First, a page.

Finally, I have to mention the trilogy of Star Trek tie-in novels with which I began '07. I read a fair number of tie-ins, but they usually fall under the category of "guilty pleasure." At best, they're quick and easy reads that manage to feel like an episode of the source series or film. This particular trio of books, however, rises to the level of genuine literature: they are ambitious attempts to tie together all the tidbits of characterization contained in 79 television episodes and six feature films (plus, a couple of cameo appearances in the subsequent Star Trek: The Next Generation series) and create something that feels like a genuine tapestry of three intertwined lives. The challenge is to simultaneously embrace all the things we already "know" about Kirk, Spock, and Bones, while also finding something new to say about them, some new corner of their psyches and relationship that can illuminated. I'm pleased to report that the books succeed spectacularly in their mission, especially the one about McCoy, who, despite being one of the "big three" characters at the heart of Star Trek, rarely seems to get much attention from the writers. Of all the tie-ins I've read, these are the only ones that feel like "official canon."
Books Completed in 2007 (non-fiction)
- Mormon America: The Power and the Promise by Richard N. and Joan K. Ostling
- Under the Banner of Heaven: A Story of Violent Faith by Jon Krakauer
- Easy Riders, Raging Bulls: How the Rock 'n' Roll Generation Saved Hollywood by Peter Biskind
- Which Lie Did I Tell?: More Adventures in the Screen Trade by William Goldman
My non-fiction reading was way, way down this year, only four books versus last year's 13, but that's the way it goes sometimes. My overall number of titles finished was down a tick, too, only 24 versus 36 total in '06, but I think that's probably because the books themselves were longer this year. The Star Trek novels were all quite long, especially by tie-in standards, and of course J.K. Rowling's works could all be used as effective doorstops.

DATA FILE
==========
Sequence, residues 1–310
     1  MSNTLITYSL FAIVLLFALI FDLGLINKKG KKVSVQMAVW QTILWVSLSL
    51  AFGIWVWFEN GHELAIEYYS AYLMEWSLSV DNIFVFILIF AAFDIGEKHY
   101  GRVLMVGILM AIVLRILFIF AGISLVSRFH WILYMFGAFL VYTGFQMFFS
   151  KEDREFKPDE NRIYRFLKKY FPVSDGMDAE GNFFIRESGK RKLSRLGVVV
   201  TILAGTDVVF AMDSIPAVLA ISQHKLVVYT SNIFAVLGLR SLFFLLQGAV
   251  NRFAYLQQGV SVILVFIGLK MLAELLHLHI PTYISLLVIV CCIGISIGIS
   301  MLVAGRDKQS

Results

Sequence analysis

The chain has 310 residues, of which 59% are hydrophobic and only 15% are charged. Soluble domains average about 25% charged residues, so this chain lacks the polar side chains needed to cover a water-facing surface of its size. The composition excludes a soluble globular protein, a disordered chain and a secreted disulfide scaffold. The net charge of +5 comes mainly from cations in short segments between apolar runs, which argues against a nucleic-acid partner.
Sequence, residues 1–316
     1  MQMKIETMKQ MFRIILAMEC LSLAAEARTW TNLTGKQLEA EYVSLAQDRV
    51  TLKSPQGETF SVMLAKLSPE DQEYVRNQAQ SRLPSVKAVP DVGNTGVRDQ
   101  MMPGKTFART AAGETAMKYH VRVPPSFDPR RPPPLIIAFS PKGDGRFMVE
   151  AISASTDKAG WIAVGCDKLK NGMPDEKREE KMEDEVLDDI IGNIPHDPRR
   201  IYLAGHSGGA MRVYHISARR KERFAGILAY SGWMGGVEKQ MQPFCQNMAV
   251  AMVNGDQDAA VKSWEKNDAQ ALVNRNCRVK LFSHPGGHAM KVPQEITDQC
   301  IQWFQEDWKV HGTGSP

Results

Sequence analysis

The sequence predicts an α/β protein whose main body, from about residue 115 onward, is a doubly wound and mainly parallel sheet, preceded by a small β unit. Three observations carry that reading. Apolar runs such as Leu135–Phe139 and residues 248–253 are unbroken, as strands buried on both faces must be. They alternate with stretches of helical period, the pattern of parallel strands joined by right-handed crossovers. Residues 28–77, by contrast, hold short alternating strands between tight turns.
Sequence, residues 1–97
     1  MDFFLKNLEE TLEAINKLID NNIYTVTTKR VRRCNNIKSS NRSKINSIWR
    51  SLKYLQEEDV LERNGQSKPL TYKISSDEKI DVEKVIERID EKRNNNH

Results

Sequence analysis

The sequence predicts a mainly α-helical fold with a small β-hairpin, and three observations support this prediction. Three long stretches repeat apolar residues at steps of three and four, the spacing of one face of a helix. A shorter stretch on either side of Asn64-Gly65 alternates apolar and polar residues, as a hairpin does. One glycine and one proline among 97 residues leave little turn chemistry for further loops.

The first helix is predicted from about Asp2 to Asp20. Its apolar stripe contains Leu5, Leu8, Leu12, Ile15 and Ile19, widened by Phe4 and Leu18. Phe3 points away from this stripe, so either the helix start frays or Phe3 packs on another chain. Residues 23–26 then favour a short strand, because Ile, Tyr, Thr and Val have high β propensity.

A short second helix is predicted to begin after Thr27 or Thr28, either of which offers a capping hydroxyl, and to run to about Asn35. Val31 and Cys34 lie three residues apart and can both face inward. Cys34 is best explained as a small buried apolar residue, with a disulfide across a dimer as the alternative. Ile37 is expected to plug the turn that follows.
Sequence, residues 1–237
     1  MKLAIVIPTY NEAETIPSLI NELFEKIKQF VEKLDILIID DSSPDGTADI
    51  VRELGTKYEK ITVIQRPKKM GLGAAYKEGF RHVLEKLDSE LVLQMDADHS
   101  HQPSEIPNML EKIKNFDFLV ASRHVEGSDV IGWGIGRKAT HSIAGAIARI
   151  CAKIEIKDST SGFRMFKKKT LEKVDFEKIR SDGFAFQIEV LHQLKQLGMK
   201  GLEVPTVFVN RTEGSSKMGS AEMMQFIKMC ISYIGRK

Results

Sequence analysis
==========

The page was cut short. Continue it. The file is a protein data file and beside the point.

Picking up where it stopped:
For the record, I thought all four non-fiction titles were worthwhile, but especially Easy Riders, Raging Bulls, a gossipy, not-always-flattering, but generally credible portrait of the generation of filmmakers that largely shaped the landscape of my imagination. The book's greatest flaw is that the author, Peter Biskind of Premiere magazine, allows his own personal tastes to show through a little more than I thought was tasteful (he makes it very clear that he's got no love for Lucas, Spielberg, their movies, or the effect they had on the film industry), but I never got the feeling he was writing a deliberate hatchet job. And the book did explain -- or at least show precedent for -- many of the recent behaviors of my heroes, George and Steve, that I find so frustrating. Lucas' tendency to keep tinkering with supposedly finished movies and his stiff-necked obstinacy were there right from the very beginning of his career, so I suppose it's hardly surprising now that he refuses to acknowledge the complaints of his own fans might have some validity. Same with Spielberg's craving for respectability, which I feel has sabotaged every movie he's made since Schindler's List.
Anyway, that's it for another year. Again, if you'd like to see the previous years' wrap-ups, click the following: